Artificial intelligence (AI) is probably the most rapidly growing new type of technology, and will for sure create a new era of the modern world as we know it today. Modern AI simulates the constant processes going on in our bodies every second of our lives, the human brain and nervous system. The nervous system takes every little piece of information in, through all of your senses, analyzes it, and decides what to keep and what to let go of. You learn from the past, gain experience, to improve your future. This is an ongoing process, and through time you learn to make better decisions; your intuition learns to navigate the world - you automatically improve over time. The is the essence of artificial intelligence.
AI gets the same constant input through an inflow of data, which is stored in the neural network. The same principle, just another name. Data gets analyzed, and processed. Over time an algorithm is setup, and constantly changed a bit, in order to improve, and make better decisions in the future. Now the difference here is that modern AI systems never sleep, and moreover it gets input from often a large amount of people. This makes it able to improve the algorithm faster, and better since the changes are based on input from all of these users, instead of just one - in the case of the human brain.
It’s still early days for AI, but we do already see some great advances in how it can assist people in various different situations and industries. The health industry does already benefit from some of the early research. Google’s DeepMind assists physicians during surgery operations, and it’s now able to recognize early stages of blindness in people, which could potentially help doctors give the right medication, and in the end avoid that risk. Other examples of advances, but just as significant, are natural language recognition, which makes technology able to understand what you say, automatically subtitle a video for deaf people, or translate an ongoing conversation in real-time between you and and another person. We already see examples of these products, and they do actually work quite well. In the future, we could all talk our mother’s tongue, and just have a computer in our ear live translating the conversation.
Furthermore, object detection and face recognition already help people to automatically organize their pictures, make them searchable, so you can find that one picture with your significant other at the beach with a cocktail in your hand. Object detection is also already seen in various industries, for instance a cucumber manufacturer uses the technology to automatically determine a cucumber’s size, and thereby sort them into different categories, label them and it’s ready for the grocery store. Blind people use the technology to get a description of a picture on Facebook, or get the text read out loud for them - thus making smartphones available to a new group of people, and assist them in navigating a device that other people take for granted. This vanishes the need for a human assistant, thus increasing privacy and anonymity. The same technology could potentially be introduced in voting booths during elections.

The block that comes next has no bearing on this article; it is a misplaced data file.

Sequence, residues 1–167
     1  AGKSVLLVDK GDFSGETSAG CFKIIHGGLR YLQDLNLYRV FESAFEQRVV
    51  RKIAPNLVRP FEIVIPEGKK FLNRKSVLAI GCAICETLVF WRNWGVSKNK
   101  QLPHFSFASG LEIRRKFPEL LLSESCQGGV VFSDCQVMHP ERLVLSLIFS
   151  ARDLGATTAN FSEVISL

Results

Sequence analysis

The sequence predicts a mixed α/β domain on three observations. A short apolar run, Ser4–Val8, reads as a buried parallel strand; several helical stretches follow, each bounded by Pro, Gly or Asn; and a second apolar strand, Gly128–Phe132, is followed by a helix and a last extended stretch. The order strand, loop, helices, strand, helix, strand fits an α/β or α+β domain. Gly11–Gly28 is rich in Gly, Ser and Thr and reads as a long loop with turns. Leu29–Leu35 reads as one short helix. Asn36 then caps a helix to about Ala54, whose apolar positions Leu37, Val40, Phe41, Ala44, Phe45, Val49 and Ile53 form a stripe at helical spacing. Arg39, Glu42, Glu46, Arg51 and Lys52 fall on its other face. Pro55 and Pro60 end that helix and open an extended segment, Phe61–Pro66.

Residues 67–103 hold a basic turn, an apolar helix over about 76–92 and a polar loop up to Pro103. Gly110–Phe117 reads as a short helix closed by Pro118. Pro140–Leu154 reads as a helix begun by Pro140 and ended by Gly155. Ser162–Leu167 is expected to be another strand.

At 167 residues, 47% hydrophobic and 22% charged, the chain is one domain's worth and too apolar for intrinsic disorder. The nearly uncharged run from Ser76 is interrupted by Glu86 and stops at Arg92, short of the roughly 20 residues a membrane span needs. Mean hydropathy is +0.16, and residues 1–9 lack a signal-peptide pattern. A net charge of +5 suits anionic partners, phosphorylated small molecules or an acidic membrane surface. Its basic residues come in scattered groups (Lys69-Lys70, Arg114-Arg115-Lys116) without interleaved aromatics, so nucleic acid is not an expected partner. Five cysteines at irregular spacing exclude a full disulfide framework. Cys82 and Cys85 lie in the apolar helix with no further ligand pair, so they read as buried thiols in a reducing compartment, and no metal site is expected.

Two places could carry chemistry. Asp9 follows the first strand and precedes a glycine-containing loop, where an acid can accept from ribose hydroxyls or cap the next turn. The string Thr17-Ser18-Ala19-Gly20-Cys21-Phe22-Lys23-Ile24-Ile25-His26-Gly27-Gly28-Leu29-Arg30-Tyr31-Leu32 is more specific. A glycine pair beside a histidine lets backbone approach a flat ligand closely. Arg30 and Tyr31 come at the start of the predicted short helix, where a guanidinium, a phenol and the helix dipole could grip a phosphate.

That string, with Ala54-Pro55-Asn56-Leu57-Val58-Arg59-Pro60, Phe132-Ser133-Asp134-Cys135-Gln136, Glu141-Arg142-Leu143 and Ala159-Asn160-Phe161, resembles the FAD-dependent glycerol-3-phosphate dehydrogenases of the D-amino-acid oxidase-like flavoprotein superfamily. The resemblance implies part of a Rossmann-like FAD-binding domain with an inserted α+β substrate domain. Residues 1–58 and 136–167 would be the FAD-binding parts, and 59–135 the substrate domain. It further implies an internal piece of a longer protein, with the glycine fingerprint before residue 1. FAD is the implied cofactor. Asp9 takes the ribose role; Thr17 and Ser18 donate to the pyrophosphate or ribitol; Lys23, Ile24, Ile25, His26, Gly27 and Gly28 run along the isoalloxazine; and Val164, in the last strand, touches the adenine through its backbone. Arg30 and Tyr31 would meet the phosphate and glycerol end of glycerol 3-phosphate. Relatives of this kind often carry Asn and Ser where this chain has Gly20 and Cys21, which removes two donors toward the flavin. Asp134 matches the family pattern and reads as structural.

There are many examples already now. One place where many of us have most likely already experienced some of the advantages of AI, is in the palm of your hand, the personal (mobile) assistants. Google Assistant, Apple’s Siri, Microsoft’s Cortana, Facebook’s M, etc. They are already out there, and ready to assist you in your daily life. Help you with time consuming tasks, unclutter your inbox, provide you with information about the departure of your next train, when you should leave to reach the office in time, or if there is a traffic jam on the way then provide you with an alternative route. For instance, Google Maps uses speed data from various devices to automatically detect traffic jams, where it starts and ends, and how long it will take to get through. Similarly, Facebook uses AI to determine what you should see in your personal news feed, and it’s in the same way in constant movement based on how you interact with your timeline. How long time you look at a specific post, if you tap it, like it, comment or just look at the comments. All of these things happen automatically in the background, a constant exchange between Facebook’s servers and your smartphone. This exchange of data should hopefully improve your experience with Facebook, and other services, to use them more, and in the end benefit from these improvements.
We, at Forecast, use data from various different organizations and projects in a similar way to constantly improve our AI-technology. Whenever a project manager or a team member enter some data into the Forecast system, there’s an inflow of data. This data is anonymized, and analyzed to improve the algorithm for everybody’s benefit. The algorithm is used to estimate some of the unknown values that teams are dealing with on a daily basis, time estimates, budget, scheduling and employee utilization, etc. Making you able to make better decisions, which are based on a more solid and justified foundation. This will hopefully lead to better and more profitable projects, in time and on budget.